A $2,500 contribution toward the Fourth of July fireworks show drew the most discussion of the 46-article warrant Damariscotta voters approved during annual town meeting Wednesday, June 14.
The rest of the 2017-2018 municipal budget, which totals $2,825,019.44, passed with little fanfare. The budget is an increase of $53,516.03 or 1.93 percent from the previous year.
The fireworks appropriation was the only difference between the recommendations of the Damariscotta Board of Selectmen and the Damariscotta Budget Committee. The selectmen recommended the appropriation, while the budget committee did not.
Budget committee Chair Dick Mayer and member Shari Sage said the committee’s recommendation against the appropriation came from the members’ belief that taxpayer money is not needed for the show to go on.
“We’re very concerned about the ability of some of our residents to be able to pay their taxes, and the ability to tax is a very potent power that should be used with utmost thought,” Mayer said. “I know I sound like the grinch who stole the Fourth of July, but there are many other priorities that we have to fund.”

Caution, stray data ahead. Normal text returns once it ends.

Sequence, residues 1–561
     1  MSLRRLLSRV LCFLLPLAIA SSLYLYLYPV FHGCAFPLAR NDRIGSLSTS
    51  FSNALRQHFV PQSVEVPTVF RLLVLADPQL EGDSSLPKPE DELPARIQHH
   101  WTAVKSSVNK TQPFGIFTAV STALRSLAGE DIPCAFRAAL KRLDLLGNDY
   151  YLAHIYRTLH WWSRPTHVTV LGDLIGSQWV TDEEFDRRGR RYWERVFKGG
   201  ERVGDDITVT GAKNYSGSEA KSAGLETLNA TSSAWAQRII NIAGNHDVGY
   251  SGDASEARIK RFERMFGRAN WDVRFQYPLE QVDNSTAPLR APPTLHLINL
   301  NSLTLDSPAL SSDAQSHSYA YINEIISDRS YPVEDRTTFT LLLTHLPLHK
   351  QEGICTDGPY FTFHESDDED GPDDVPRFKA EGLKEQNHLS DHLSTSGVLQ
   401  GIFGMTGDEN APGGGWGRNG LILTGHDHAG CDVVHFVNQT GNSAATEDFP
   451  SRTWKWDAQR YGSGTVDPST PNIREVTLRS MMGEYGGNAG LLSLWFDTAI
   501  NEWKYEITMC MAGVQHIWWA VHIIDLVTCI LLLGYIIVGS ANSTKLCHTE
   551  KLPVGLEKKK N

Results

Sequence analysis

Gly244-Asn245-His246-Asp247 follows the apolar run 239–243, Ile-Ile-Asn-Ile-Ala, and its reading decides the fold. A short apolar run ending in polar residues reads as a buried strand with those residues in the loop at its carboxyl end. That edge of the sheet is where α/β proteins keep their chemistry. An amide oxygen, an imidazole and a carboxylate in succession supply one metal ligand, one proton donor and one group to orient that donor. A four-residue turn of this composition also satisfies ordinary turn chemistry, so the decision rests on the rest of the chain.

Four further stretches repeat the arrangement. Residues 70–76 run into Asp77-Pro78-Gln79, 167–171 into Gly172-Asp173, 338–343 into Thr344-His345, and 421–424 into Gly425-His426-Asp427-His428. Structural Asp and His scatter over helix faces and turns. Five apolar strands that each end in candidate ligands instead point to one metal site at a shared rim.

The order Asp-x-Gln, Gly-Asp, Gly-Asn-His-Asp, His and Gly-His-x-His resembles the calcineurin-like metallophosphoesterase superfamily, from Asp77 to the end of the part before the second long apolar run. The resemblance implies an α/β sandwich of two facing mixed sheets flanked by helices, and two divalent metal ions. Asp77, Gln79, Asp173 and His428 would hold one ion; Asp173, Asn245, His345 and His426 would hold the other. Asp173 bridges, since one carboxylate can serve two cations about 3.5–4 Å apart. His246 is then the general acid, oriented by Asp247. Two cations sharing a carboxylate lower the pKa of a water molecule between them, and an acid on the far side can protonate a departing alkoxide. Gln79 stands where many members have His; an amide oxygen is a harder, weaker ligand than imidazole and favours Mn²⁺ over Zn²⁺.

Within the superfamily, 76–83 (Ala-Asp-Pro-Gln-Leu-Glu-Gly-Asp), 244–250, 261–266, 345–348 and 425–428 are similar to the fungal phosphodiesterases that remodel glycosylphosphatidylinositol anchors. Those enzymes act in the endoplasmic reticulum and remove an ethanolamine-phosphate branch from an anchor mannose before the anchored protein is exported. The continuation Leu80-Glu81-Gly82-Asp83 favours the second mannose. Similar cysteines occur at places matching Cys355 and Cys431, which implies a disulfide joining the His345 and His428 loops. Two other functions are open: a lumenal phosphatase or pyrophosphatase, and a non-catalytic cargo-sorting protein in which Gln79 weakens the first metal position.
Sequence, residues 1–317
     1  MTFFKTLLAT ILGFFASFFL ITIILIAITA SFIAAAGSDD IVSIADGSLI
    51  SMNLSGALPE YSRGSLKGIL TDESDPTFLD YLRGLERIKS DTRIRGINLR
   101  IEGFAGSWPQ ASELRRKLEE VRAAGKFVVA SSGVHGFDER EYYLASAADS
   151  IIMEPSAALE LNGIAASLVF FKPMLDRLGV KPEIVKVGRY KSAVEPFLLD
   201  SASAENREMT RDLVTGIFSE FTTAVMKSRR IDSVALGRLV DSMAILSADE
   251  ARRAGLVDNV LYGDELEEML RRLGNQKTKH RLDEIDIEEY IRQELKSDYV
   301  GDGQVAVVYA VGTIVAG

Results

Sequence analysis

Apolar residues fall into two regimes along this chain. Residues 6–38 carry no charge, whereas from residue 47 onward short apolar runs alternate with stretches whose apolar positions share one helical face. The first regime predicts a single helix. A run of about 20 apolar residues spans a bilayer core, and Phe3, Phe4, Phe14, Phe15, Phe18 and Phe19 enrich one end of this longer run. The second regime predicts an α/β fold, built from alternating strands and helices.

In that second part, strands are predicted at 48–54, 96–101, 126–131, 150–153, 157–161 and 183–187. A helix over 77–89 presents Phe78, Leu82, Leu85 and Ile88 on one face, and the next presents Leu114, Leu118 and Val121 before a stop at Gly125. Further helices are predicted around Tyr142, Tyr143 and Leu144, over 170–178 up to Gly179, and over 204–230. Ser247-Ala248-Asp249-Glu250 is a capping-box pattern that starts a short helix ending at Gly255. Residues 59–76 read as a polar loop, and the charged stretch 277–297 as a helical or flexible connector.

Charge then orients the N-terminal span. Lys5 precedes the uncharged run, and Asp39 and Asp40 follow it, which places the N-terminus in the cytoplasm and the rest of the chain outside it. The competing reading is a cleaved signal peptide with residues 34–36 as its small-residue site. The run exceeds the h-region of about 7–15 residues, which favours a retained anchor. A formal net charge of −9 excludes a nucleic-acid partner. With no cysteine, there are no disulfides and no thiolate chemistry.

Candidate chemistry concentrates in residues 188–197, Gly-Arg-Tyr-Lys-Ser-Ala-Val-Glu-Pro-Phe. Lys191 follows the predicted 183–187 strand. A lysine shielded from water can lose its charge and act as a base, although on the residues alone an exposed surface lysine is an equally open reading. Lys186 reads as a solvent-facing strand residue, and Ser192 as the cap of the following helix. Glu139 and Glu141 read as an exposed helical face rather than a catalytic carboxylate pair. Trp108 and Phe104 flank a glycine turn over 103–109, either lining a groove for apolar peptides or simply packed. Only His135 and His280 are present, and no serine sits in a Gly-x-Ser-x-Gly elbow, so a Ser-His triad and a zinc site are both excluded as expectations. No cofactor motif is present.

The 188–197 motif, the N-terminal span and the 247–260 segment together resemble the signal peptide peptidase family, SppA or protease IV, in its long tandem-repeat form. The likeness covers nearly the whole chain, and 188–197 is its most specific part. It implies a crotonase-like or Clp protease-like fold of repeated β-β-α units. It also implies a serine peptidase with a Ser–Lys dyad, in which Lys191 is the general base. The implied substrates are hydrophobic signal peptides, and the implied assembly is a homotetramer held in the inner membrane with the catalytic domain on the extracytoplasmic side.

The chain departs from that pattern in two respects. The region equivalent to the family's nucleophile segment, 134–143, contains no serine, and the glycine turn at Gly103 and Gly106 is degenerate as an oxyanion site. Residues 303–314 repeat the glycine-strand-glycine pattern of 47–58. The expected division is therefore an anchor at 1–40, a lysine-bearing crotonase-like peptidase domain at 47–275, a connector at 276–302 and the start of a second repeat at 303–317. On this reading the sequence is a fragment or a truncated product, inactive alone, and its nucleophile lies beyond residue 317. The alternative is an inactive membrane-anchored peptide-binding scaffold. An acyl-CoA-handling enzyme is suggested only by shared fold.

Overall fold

Both Mayer and Sage said local businesses and individuals could give donations for the fireworks instead of the town requiring everyone to pay through taxes. Private donations already cover the majority of the budget for the fireworks show.
Voters ultimately approved the selectmen’s recommendation with a 24-23 vote, the closest vote of the evening.
Mayer made similar remarks when residents considered funding requests from area nonprofits. Eight organizations submitted requests to the town for a total of $15,165, an increase of $3,665 or 31.89 percent from the previous year. Voters approved all requests.